Whenever we become sick or fall ill to the latest string of a flu or virus, it is only natural for us to turn to our helpful medications and medical treatments for assistance. Whether you are suffering from a painful ankle sprain or a simple headache, these medications can give serious relief and help you speed up the healing process.
In fact, these medications and treatments are so helpful when we are sick that we don’t even notice the most dangerous, and most overlooked aspect of them — the side effects.
While most medications boast relatively non-threatening side effects such as headaches, pains, or nausea, more serious treatments often come with more serious consequences for patients. For example, a new study conducted by researchers from Oregon Health and Science University have found that certain breast cancer medications and treatments may trigger various vision problems in patients.
Throughout the study, researchers looked into the visual and ocular effects of several different medications that were prescribed for three different phases of early-stage breast cancer. These phases included adjuvant cytotoxic chemotherapy, adjuvant endocrine therapy and symptomatic relief.
After following numerous patients who were prescribed with these treatments, and monitoring the overall health of their eyes and vision, it was shown that these various medications prescribed actually had a significant effect on vision and ocular health in several different ways.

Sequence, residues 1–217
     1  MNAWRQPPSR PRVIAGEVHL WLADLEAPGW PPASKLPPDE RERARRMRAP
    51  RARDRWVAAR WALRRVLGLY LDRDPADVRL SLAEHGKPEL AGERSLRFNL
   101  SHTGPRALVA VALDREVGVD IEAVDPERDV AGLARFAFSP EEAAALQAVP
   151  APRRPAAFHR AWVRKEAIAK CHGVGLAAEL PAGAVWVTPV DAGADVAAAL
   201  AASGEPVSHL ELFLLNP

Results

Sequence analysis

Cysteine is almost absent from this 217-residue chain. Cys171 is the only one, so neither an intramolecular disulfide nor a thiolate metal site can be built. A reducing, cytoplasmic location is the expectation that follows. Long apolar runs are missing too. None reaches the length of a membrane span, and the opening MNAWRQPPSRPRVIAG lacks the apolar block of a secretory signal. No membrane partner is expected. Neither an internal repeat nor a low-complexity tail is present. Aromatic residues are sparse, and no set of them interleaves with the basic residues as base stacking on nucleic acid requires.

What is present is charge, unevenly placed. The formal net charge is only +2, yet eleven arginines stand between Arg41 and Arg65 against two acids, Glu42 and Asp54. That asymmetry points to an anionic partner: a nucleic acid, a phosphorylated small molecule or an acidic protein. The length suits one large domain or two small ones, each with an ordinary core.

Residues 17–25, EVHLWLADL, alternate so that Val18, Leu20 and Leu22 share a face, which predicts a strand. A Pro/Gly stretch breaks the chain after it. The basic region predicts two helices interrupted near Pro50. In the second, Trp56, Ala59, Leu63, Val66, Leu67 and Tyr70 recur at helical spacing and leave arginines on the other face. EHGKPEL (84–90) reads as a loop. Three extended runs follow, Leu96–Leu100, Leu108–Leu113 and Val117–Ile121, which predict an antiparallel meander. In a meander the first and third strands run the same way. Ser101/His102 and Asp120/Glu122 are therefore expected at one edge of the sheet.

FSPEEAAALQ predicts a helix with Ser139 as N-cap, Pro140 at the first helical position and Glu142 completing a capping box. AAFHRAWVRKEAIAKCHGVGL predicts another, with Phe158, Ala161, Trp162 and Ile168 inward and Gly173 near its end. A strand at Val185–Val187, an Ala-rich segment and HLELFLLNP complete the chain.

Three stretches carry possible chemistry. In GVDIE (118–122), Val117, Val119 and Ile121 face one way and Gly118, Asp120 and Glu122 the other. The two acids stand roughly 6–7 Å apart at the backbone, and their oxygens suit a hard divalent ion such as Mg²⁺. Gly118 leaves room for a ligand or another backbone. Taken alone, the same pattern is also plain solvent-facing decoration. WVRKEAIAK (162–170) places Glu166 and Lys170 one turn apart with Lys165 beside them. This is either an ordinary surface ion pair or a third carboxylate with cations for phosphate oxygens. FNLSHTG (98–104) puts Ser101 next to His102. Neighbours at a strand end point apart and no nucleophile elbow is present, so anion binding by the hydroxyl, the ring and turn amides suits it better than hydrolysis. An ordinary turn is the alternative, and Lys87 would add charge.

The most common side effect of these treatments came from cytotoxic chemotherapy, a common treatment routine for many people who undergo breast cancer treatments. The side effect of cytotoxic chemotherapy was found to cause epiphora and ocular surface irritation in patients.
Epiphora is a vision condition which constitutes insufficient tear film drainage from the eyes, resulting in an overflow of tears that will fall down onto the face rather than through the nasolacrimal system. This vision problem (also known as watering eyes or tearing) can sometimes create difficulty seeing when driving and reading.
The other side effect of cytotoxic chemotherapy, ocular surface irritation, is the decline of the quantity and/or quality of the tears that our eyes produce, and the increased evaporation of our eyes’ tears. Ocular surface disease often results in symptoms of dry eyes, discomfort, visual disturbances and potential damage to the ocular surface of the cornea.
Another therapy commonly used in breast cancer treatment is the selective estrogen receptor modulator, tamoxifen. This longtime therapy that is used for hormone receptor-positive breast cancer has been shown to increase the risk of posterior subcapsular cataracts.
This particular type of cataract affects the back of the eye’s lens, starting as a small, opaque area that forms right in the path of light on its way to the retina. This can often interfere with your day-to-day sight, creating blurred vision, glare or halos and interrupting your vision in bright light.
Fortunately, most of these vision problems can be properly diagnosed and treated by your eye care professional. Preservative-free artificial tears and thicker ocular ointments such as Refresh PM can help with dry eye symptoms during and after chemotherapy. Cataracts can be surgically removed. If you have any questions about these eye symptoms or think you may have one of the vision problems described above, be sure to schedule a consultation with your ophthalmologist. Soon enough, you can be on the path to clearer vision in no time.